Amazon Keeps On Go-ing and Go-ing
Amazon has big plans for Amazon Go, its no-checkout convenience store. Really big plans. From its current humble four-store base, the company is considering adding upwards of 3,000 (!) locations over the next three years, bringing its unique brand of disruption to 7-Eleven, Subway and other quick-bite shops.
According to unnamed sources, CEO Jeff Bezos believes he can improve the lunchtime experience by eliminating long queues in bustling downtowns. His only concern: whether to stock groceries too or simply focus on prepared meals. Amazon declined to comment.
See the full story at Bloomberg.
Snapchat’s Got A Brand New (Shopping) Bag
There’s a new trick afoot for users of the popular messaging app Snapchat: Aim your mobile camera at a barcode or object of desire and, abracadabra, you can buy it on Amazon.
The new visual-search feature has just entered test mode, parent company Snap said in a blog, and will be rolled out slowly to get it right. With the new ability Snap is also hoping to get its share price right, which has lost nearly two-thirds of its valuation since going public in March.
Red, White & Whew
In a celebration of American entrepreneurship — and perhaps to deflect criticism from the Trump administration — Amazon has created a 20,000-store section on its site featuring small- and medium-size businesses from all 50 states.
Rather than putting them out of business, the new “Amazon Storefronts” demonstrates the company’s commitment to mom-and-pops, said VP Nicholas Denissen, and will further champion their success by hosting videos of company owners and their stories. Amazon is supporting the launch with its first national TV commercial featuring third-party sellers, which have helped create more than 900,000 jobs worldwide, the e-tailer said.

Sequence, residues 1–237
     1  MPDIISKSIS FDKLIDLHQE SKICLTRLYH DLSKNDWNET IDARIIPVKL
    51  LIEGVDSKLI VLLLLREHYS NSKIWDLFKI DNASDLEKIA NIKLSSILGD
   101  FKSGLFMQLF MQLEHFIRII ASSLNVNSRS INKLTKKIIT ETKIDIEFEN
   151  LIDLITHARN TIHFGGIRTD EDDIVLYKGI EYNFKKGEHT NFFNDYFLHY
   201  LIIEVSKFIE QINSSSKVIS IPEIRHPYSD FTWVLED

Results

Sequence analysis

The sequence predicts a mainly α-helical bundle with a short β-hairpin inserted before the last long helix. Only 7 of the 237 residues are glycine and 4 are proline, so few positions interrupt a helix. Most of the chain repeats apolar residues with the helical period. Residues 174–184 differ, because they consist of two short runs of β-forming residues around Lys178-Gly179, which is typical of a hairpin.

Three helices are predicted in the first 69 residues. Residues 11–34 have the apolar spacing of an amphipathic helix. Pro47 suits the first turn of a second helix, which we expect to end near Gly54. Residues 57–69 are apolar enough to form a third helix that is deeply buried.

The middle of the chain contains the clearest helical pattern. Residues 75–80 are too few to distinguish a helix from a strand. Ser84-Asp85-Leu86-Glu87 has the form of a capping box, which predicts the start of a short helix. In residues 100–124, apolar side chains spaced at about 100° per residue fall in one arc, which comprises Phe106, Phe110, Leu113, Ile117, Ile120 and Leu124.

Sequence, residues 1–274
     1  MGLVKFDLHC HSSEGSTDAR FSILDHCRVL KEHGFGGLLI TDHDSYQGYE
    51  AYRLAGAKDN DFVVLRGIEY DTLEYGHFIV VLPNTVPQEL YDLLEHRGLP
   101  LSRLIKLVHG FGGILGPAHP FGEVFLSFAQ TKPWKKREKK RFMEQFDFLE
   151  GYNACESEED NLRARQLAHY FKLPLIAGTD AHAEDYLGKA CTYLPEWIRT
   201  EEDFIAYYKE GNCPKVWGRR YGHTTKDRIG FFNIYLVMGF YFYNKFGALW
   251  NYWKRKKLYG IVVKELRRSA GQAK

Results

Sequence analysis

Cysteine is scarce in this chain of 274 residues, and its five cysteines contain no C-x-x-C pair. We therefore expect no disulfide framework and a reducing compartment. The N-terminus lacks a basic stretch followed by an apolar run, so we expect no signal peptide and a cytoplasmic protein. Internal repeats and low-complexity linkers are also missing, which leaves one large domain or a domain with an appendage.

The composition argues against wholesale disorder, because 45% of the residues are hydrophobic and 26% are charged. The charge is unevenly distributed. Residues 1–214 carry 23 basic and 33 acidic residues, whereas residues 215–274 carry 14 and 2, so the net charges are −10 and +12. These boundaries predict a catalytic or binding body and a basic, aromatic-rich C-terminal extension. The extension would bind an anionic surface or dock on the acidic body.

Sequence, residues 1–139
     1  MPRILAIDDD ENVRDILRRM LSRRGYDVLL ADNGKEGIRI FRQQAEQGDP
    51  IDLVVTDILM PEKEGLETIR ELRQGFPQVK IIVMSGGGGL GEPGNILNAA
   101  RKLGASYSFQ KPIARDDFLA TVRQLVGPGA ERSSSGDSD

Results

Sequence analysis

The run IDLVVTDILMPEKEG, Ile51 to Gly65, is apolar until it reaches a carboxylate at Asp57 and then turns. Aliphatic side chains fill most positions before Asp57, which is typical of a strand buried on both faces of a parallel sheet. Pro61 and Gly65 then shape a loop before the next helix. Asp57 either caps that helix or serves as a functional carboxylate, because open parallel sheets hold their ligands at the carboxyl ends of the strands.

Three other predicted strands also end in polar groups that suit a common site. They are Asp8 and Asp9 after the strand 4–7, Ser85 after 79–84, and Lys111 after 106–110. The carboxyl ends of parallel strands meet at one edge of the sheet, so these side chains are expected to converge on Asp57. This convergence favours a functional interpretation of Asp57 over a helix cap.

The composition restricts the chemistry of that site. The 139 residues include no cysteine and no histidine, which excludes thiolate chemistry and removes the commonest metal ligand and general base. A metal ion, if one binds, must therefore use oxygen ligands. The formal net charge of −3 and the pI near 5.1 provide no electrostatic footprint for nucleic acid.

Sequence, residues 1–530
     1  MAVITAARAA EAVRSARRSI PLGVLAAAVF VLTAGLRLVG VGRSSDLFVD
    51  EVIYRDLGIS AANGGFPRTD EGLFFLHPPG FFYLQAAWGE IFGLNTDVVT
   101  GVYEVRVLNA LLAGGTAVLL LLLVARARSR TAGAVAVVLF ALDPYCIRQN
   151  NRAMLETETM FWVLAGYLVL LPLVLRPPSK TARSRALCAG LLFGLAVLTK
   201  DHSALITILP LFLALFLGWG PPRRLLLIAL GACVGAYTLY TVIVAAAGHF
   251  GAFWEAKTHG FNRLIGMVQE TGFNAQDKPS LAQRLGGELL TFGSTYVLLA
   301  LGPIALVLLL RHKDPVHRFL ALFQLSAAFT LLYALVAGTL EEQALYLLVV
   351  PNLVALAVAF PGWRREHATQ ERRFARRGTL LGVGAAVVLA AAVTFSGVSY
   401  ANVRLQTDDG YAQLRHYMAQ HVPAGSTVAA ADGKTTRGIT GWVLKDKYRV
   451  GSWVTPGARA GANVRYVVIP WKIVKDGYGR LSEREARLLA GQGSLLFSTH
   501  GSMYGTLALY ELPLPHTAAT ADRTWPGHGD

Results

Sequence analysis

See the full story at CNBC.
Breaking Up Is Hard To Do
Amazon may have become too big for its britches, and the resulting animus it receives from President Trump could lead to an antitrust suit by the FTC. That’s the thinking of Citi Research analyst Mark May, who believes chairman Jeff Bezos should head off federal regulators at the pass by separating its retail and Cloud-computing businesses.
the idea of AWS being more valuable than Amazon retail in the future is short-term crazy but long-term imaginable https://t.co/6ciSdOnv6V
— Jordan Novet (@jordannovet) September 17, 2018
May would price the retail spinoff at $400 billion, making Amazon Web Services (AWS) the more valuable piece of Bezos’ $1 trillion pie. “A smaller market-cap Amazon retail business may bring (slightly) less attention to its market size and dominance,” he wrote in a research note.
See the full story at CNBC.
What’s Cooking At Amazon?
Plenty, based on the torrent of new private-label products and smart-home skills the company spewed out last week. While most are technological marvels, two devices in particular stand out for their disruptive potential in the marketplace.
One is a voice-operated, Alexa-enabled microwave oven, representing the e-tailer’s first kitchen appliance under its own badge and conceivably the foundation for more majaps to come. The other is more insidious: a no muss-no fuss module for manufacturers that effortlessly integrates Alexa into their products.
See the full story at TWICE.
Amazon Quote Of The Week
“There has been greater noise of late regarding the desire to investigate and potentially regulate the company.” — Citi Research analyst Mark May, on why Amazon should split its retail and Cloud-computing businesses